5. The Finest Hour: Kobe Bryant was magnificent in Game 6 in a lost cause. In Game 7, he played in the flow of the offense and encouraged his teammates to do their job. Kevin Durant struggled early on vs. the Mavericks before breaking loose. This series is about two evenly matched teams with history and talented rosters. But it’s about Kobe vs. Durant. The Thunder don’t have a defender like MWP to stick on Bryant, but Durant is the best scorer in the series. Either Bryant is going to add to his already insane legend, or Durant’s going to make the biggest statement of his.

DeMarcus Cousins trolls Joakim Noah on shooting form (VIDEO)

noah cousins
AP
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New York Knicks C Joakim Noah has an awkward jumper and free throw technique, there’s no denying that. His two-handed, horizontal approach to shooting a basketball is ripe for criticism.

DeMarcus Cousins thinks so, at least.

During a game between the Sacramento Kings and the Knicks, Cousins decided to give Noah a little tongue-in-cheek trolling about his form.

Via Twitter:

Looks about right.

LeBron James, Cavaliers Rick-roll intro video for ’80s night

Cleveland Cavaliers' LeBron James (23) shoots over Miami Heat's Rodney McGruder (17) in the first half of an NBA basketball game Friday, Dec. 9, 2016, in Cleveland. (AP Photo/Tony Dejak)
Associated Press
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The 1980s were back in Cleveland Friday night. Well, not completely, Bernie Kosar wasn’t leading the Browns to contention (although man, could they use him now).

No, the ’80s were back in the form of the throwback orange Cavaliers uniforms. And to complete the theme, the Cavaliers players dressed up and Rick-rolled the intro video — they did the complete “classic” Rick Astley hit “Never Gonna Give You Up.” And it was awesome.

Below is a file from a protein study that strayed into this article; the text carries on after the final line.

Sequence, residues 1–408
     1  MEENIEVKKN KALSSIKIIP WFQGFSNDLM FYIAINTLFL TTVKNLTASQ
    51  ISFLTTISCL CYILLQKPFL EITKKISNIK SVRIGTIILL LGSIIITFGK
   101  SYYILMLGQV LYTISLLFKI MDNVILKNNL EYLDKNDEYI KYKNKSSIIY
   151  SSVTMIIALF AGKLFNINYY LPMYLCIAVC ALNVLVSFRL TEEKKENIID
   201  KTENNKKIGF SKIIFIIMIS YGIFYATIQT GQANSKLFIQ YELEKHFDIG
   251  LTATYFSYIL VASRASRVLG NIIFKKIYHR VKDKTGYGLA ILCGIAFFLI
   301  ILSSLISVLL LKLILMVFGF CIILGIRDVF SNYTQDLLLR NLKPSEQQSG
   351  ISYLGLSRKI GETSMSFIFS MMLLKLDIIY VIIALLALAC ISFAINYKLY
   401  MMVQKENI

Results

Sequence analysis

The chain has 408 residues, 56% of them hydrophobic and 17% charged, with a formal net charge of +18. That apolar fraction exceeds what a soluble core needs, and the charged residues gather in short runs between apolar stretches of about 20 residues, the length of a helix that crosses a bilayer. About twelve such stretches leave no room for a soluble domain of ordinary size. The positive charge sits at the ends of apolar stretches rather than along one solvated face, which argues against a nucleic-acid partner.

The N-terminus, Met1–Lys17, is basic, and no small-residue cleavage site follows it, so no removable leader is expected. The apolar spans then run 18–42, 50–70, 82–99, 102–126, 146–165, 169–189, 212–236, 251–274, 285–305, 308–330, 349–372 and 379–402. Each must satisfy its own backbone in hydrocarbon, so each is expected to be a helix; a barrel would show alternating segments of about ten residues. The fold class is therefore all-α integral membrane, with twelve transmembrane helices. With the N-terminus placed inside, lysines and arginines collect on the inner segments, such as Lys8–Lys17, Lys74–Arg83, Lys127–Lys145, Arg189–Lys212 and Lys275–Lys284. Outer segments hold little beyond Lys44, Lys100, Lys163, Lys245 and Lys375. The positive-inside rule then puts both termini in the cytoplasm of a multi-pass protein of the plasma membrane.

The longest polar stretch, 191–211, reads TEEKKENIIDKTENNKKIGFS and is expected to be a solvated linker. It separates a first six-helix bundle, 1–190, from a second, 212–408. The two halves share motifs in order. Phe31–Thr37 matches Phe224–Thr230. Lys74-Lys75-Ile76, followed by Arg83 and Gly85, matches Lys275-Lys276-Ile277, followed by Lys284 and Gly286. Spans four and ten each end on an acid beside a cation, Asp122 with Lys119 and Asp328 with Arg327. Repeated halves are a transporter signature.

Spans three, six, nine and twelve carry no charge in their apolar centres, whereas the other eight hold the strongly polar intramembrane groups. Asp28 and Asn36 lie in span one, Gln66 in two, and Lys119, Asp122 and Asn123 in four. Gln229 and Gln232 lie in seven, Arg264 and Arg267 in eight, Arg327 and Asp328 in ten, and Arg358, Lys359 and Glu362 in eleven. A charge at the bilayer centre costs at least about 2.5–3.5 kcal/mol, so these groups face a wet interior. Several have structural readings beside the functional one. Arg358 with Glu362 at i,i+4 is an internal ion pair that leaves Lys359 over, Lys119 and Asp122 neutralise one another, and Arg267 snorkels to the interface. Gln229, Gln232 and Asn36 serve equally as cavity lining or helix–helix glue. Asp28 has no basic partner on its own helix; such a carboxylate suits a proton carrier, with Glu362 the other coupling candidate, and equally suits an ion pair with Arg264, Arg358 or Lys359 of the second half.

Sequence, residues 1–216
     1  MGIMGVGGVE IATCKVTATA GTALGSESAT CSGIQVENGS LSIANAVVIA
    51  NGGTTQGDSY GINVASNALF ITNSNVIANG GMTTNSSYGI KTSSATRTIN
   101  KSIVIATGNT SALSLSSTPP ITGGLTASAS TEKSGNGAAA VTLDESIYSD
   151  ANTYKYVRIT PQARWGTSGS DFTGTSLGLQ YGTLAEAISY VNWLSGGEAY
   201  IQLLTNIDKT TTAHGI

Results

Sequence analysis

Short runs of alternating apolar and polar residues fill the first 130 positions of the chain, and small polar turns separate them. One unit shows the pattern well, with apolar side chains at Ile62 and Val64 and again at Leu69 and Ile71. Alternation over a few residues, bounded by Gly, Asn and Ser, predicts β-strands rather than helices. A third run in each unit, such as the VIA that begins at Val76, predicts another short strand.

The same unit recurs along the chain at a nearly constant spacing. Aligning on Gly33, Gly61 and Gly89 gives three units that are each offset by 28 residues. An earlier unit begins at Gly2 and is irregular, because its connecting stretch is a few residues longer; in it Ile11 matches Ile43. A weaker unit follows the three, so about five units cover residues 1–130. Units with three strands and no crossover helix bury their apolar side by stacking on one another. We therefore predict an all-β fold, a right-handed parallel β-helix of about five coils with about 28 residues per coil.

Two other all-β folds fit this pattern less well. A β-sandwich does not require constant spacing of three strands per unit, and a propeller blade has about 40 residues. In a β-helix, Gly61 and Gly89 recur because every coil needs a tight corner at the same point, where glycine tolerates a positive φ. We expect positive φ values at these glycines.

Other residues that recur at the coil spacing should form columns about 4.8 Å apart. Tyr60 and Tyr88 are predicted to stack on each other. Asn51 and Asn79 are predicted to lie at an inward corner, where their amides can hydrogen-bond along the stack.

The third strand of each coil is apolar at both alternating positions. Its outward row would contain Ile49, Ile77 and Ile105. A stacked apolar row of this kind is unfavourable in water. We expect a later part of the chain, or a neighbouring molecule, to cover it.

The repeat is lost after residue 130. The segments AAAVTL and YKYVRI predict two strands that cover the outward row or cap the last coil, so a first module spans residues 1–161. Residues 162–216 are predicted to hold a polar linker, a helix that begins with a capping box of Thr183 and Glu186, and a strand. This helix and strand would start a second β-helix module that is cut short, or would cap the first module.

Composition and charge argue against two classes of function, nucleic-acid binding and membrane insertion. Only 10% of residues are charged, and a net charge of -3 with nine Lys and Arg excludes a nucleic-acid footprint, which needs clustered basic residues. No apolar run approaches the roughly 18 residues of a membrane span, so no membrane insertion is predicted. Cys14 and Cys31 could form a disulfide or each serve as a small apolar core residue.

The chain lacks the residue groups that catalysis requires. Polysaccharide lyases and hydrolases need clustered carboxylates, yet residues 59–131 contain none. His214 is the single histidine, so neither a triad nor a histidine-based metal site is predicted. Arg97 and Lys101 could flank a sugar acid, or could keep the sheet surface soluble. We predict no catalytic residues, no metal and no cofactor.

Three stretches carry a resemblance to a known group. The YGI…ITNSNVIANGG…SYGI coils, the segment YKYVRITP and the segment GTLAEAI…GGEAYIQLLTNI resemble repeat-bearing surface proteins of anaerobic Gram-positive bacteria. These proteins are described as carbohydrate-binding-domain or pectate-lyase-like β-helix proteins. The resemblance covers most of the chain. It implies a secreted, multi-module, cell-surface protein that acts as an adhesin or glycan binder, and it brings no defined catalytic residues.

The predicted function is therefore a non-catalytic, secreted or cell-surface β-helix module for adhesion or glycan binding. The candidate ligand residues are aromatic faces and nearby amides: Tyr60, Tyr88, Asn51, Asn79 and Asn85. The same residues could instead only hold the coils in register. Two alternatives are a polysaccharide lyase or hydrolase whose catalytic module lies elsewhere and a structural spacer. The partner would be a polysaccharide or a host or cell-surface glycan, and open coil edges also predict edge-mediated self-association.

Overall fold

The Cavaliers won the game 114-84 over the Heat behind 28 from Kevin Love, but that was secondary to the intro video.

Best dunk from Friday night? Houston’s Sam Dekker. Yes, Dekker. (VIDEO)

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Second-year forward Sam Dekker is finding a comfort zone in the Mike D’Antoni offense in Houston. Healthy this season, he is coming off the bench for 18 minutes a night, and his game where he is quick and can also hit the three is fitting perfectly with Houston’s system, leading him to 6.7 points a game.

Also, he can run the floor. And finish.

As Enes Kanter found out when he hustled, got back in transition defense, and wasn’t going to stop Dekker from getting to the rim.

That’s a quality dunk.

The Rockets went on to win the game 102-99, despite Russell Westbrook‘s seventh-straight triple-double.

LeBron James passes Elvin Hayes, moves into ninth on all-time scoring list (VIDEO)

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LeBron James has been climbing the NBA’s All-time scoring list fast the past couple years, passing Hakeem Olajuwon last season to move into the top 10.

Friday night LeBron passed another legend, Elvin Hayes, who spent the prime of his career with the Washington Bullets and was an NBA champion, six-time All-NBA and 12-time All-Star from the late 1960s through the early 1980s.

LeBron passed Hayes with a vintage LeBron bucket, bringing the ball up in transition, then just using his quickness and strength to power to the rim.

LeBron’s not done, he should pass Moses Malone in the next week or so. Here is the NBA’s All-time scoring Top 10. (As a side note, if you count ABA scoring in the mix LeBron is 11th because Julius Erving and Dan Issel both pass him. For now.)

1. Kareem Abdul-Jabbar 38387
2. Karl Malone 36928
3. Kobe Bryant 33643
4. Michael Jordan 32292
5. Wilt Chamberlain 31419
6. Dirk Nowitzki 29552
7. Shaquille O’Neal 28596
8. Moses Malone 27409
9. LeBron James 27315
10. Elvin Hayes 27313